Telephone follow-up after acute myocardial infarction: From reserach question to nursing intervention

2.50
Hdl Handle:
http://hdl.handle.net/10755/154923
Type:
Presentation
Title:
Telephone follow-up after acute myocardial infarction: From reserach question to nursing intervention
Abstract:
Telephone follow-up after acute myocardial infarction: From reserach question to nursing intervention
Conference Sponsor:Sigma Theta Tau International
Conference Year:1992
Conference Date:August 6 - 8, 1992
Author:Keeling, Arlene, PhD
P.I. Institution Name:University of Virginia Health Sciences Center
Title:Assistant Professor
Problem Statement: Dramatic changes in the care of acute myocardial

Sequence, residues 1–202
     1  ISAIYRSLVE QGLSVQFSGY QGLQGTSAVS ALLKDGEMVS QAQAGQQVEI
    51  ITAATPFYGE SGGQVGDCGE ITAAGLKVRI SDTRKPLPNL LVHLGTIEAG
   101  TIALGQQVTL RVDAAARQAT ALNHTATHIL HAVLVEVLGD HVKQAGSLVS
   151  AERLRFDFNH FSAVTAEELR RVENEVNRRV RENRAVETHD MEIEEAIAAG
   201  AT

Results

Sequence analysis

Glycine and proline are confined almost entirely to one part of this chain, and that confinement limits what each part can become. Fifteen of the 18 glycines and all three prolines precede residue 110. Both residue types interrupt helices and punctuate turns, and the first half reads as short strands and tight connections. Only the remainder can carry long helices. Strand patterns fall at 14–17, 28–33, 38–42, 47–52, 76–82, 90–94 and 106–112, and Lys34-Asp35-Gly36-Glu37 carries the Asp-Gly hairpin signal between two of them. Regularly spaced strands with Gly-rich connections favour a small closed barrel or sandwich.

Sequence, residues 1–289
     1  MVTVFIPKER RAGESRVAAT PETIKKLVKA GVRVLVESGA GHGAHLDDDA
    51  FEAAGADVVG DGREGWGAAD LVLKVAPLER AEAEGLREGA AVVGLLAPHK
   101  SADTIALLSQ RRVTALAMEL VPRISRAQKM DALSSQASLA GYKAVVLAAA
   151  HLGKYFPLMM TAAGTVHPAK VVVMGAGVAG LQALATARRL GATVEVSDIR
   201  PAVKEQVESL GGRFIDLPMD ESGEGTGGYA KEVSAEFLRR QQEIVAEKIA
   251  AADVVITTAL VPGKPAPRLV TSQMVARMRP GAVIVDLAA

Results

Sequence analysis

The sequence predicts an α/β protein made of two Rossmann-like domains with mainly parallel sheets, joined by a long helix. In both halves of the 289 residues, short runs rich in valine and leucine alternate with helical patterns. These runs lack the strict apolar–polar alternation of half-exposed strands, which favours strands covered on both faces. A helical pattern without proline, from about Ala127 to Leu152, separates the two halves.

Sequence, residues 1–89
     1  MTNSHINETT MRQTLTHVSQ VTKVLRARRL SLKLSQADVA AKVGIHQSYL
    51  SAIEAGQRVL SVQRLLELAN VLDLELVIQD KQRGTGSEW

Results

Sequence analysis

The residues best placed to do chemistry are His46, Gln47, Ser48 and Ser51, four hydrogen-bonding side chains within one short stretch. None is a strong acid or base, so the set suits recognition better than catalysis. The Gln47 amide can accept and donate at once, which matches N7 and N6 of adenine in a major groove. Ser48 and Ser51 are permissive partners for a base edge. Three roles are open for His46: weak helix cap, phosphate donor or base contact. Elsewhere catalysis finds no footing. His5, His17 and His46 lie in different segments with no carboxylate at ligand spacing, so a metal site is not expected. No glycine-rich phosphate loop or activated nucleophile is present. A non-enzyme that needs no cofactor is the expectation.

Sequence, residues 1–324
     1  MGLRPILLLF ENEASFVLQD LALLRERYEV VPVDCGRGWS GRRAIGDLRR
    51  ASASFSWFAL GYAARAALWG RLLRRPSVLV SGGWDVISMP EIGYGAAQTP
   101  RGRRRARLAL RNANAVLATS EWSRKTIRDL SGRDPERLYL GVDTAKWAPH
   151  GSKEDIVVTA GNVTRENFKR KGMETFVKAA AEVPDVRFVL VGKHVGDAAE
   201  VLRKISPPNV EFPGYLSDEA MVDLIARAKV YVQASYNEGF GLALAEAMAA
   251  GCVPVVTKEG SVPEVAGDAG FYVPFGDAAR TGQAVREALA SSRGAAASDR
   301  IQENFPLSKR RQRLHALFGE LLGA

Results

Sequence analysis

infarction involving reperfusion therapies have decreased the

patient's length of hospital stay. This early discharge trend is

likely to continue, as supported by Topol et al. (1988). Early

hospital discharge post-AMI prevents nurses from effective

intervention in the areas of both psychological support and

education, leaving patients and families to cope alone with the

adaptation to this crisis.



Research Questions: The research questions posed in this study

were: (1) what is the lived experience of AMI patients and families

during the period of early convalescence at home? and (2) is there

a need for nursing intervention during this period?



Conceptual Base: This study is based on three conceptual

frameworks: (1) McCubbin's Double ABCX Model of family adaptation

to crisis, (2) Lazarus' theory of cognitive appraisal, and (3) the

nursing biopsychosocial perspective.



Design: A prospective, longitudinal design was used for this

descriptive study of AMI patients and families (N=22).



Sample Description: A sample of convenience of patients aged 30 to

68 and their spouses were interviewed by telephone for this

qualitative study. The study was conducted on the acute cardiology